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Akropolis Solo Review

akropolis (1)

Easy to learn tricky to master, solo-able, spatial puzzle games are my manna. They soothe my overstimulated mind in an active way, and comfort me even when I lose spectacularly. Which I do. Nearly always. Because neuro diversity has given me a rather unique set of skills. But sadly none of them are the Liam Neeson of Taken kind. And neither do they include either a sense of direction or spatial awareness! But at the grand old age of 40 I’m realising that it’s okay. The rule book to life is written a certain way, and I’m working on a translation!

Akropolis solo therefore falls squarely in my happy place. And very lucky I am too as it almost didn’t happen. The original publication didn’t have a 1 player mode at all. But, by the mystical powers of BGG, the designer uploaded an official solo variant, and now we can all play against the Illustrious Architect!

And wowza, they are a tough nut to crack!

Setting Up Solo

This is easy (unlike your competition!). Solo is set up the same as a regular 2 player game. And we can play the normal version or the extended version (using all the city tiles). We’ll give Illustrious a starting tile and two stones, and we are the Chief Architect going first.


Our turn in both picking and placing is exactly the same as the regular game except for one tweak. Instead of returning our spent cubes to the supply, we must give them to the Illustrious Architect. Yep, our tile choice directly increases their purchasing power!

On their turn, Illustrious always picks the cheapest city tile with a Plaza – they are star hunters! But if there are no Plazas or they can’t afford it, they’ll take the first tile in the Construction Site row which is always free. Any stones they pay go back into the supply.

Now, placing their tile in their city is even easier than following their prescribed picking order. We don’t need to make any placement decisions for them (yay!). They just collect tiles. But. And this is a big BUT. At end game scoring, it is presumed that they will have respected every single placement rule and will therefore score the maximum points for each District type (so long as they have matching colour Plazas). That is a lot of points! And if you play any of the advanced variants, well, you guessed it. They will automatically score as though they achieved it/them! Ooft!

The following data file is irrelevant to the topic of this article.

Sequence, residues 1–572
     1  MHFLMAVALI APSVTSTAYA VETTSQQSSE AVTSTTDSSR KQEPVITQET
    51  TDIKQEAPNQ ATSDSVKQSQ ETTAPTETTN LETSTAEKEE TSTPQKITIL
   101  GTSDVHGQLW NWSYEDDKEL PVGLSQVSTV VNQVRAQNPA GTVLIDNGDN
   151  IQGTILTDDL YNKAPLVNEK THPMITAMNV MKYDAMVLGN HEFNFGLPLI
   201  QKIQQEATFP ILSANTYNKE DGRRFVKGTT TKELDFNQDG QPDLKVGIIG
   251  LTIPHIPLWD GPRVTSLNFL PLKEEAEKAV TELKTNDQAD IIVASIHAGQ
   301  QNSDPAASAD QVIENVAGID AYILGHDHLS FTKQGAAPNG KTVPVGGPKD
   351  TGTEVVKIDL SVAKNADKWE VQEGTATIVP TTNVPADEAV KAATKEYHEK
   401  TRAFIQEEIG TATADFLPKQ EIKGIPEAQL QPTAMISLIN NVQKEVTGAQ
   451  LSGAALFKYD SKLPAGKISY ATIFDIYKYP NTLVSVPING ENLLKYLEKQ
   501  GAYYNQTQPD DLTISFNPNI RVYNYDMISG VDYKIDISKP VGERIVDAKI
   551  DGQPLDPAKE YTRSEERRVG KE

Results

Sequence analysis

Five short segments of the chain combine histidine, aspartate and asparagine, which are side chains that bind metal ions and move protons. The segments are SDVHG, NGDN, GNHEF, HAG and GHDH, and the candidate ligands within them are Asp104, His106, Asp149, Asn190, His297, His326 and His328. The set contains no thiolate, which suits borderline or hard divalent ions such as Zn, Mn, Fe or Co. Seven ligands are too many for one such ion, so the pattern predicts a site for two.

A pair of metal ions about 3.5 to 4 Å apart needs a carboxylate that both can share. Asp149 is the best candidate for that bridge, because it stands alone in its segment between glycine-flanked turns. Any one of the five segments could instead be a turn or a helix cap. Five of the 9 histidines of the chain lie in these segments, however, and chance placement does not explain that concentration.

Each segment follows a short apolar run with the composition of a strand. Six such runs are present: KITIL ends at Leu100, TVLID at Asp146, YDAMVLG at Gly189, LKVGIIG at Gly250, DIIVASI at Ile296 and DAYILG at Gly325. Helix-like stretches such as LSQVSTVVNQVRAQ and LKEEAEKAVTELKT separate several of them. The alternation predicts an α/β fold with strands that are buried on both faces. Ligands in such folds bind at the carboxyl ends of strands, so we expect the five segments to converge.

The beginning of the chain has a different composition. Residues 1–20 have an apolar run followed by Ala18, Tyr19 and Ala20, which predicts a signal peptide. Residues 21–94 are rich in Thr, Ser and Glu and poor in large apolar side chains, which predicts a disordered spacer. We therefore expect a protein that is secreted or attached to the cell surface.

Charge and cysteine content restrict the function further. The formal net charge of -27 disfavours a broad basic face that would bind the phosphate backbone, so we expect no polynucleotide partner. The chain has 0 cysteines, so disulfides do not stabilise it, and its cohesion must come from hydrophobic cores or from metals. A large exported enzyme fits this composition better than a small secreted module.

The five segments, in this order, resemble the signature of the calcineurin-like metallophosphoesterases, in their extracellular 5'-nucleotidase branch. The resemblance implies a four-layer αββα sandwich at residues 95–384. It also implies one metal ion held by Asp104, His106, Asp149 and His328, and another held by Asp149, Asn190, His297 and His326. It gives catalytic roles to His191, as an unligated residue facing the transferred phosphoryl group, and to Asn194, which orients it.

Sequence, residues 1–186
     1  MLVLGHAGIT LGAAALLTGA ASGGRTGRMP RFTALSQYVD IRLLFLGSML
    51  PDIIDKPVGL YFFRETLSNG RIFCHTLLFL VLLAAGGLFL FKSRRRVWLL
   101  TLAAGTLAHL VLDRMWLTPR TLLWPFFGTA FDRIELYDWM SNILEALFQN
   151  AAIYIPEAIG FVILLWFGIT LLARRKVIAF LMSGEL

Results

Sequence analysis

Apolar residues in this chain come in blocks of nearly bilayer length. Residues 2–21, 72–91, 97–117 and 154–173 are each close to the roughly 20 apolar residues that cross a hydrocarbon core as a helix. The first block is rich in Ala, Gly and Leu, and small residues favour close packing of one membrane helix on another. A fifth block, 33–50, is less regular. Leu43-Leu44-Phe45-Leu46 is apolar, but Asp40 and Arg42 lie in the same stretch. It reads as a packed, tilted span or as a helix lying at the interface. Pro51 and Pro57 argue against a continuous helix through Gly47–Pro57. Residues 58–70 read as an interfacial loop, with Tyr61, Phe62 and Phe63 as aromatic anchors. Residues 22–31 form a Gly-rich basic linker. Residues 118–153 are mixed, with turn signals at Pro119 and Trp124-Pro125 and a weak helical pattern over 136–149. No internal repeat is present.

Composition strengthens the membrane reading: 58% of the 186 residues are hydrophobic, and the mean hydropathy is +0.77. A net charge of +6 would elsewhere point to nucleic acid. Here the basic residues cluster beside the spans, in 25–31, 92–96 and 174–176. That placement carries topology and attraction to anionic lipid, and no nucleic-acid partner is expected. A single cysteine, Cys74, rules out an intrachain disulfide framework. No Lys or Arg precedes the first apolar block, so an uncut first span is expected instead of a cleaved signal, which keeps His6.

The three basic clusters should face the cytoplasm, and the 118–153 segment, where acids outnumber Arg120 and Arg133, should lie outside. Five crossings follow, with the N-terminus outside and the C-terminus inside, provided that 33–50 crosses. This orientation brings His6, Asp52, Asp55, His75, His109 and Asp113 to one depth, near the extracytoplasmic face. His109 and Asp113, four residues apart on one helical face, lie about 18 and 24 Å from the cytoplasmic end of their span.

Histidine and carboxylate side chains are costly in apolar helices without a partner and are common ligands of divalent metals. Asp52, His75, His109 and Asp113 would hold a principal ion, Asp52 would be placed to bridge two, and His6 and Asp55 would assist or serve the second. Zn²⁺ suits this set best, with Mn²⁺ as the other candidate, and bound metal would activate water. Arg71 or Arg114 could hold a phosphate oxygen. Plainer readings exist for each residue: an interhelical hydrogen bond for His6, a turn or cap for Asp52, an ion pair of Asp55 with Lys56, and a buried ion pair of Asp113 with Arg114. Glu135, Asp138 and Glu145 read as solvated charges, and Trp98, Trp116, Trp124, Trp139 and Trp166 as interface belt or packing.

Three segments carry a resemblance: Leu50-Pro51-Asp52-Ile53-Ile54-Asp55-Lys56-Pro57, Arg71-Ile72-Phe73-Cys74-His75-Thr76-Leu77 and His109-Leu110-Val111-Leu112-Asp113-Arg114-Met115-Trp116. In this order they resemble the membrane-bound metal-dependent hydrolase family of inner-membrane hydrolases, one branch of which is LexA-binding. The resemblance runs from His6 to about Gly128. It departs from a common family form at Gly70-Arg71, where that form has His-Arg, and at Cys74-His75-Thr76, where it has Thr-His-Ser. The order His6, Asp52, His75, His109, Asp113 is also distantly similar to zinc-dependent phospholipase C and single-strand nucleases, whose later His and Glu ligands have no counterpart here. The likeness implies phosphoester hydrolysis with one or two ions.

Now, if you are thinking “the Illustrious Architect is no match for my superior spatial skills”, then firstly, I bow to your greatness! And secondly, the rules include 3 difficulty levels; Ouch, What-the-?, and My brain just exploded. Haha okay so they aren’t technically called that, but that’s what they feel like to me!

Slick City

Akropolis is a brilliant game at any player count and it is fast becoming one of my favourite games to solo. Quick to the table with no thinking to be done for the Illustrious Architect. I perform their turn in seconds which leaves prime gaming time for me to sweat over what I am going to take and where I am going to place it.

Knowing what the Illustrious Architect is going to take each turn does give the game a different feel to MP mode. The insider information effect of knowing which tile they will take does impact my strategy. But that’s not a bad thing. It works really well in Calico, Cascadia, Verdant, and other spatial puzzles and open drafting games. It’s even in ones like Red Rising. And it works brilliantly here too. And what the Illustrious Architect lacks in choice is mitigated to a degree by the random tile offerings in the Construction Zone each round.

And having to pay over any stones I use directly to them adds another layer of tricky-trade off decision dilemmas to my city District picks. I could pay to take a juicy tile I know they need. But that could give them the resources to pay for the perfect tile next pick! I don’t know about Chief Architect. When playing against the Illustrious Architect, I know that I could well be (and generally am) the architect of my own demise!

Final Thoughts

I think you already know that I am a huge fan of this game. And the fact that I can solo it is the cherry on the city construction cake! As a single player tile layer, it feels even faster to set up that Cascadia. And that game used to be my benchmark for box-to-table rapidity! Having the tiles face down in the box in stacks helps to get the game going in just a few minutes. And for me, where game time is always at a premium, sneaking in a solo session is made possible with a game like Akropolis. If you love puzzly, spatial games that you can learn to play in seconds and that bring the crunch, I would highly recommend Akropolis!

That concludes our thoughts on Akropolis (solo). Do you agree? Let us know your thoughts and tag us on social media @zatugames. To buy Akropolis today click here!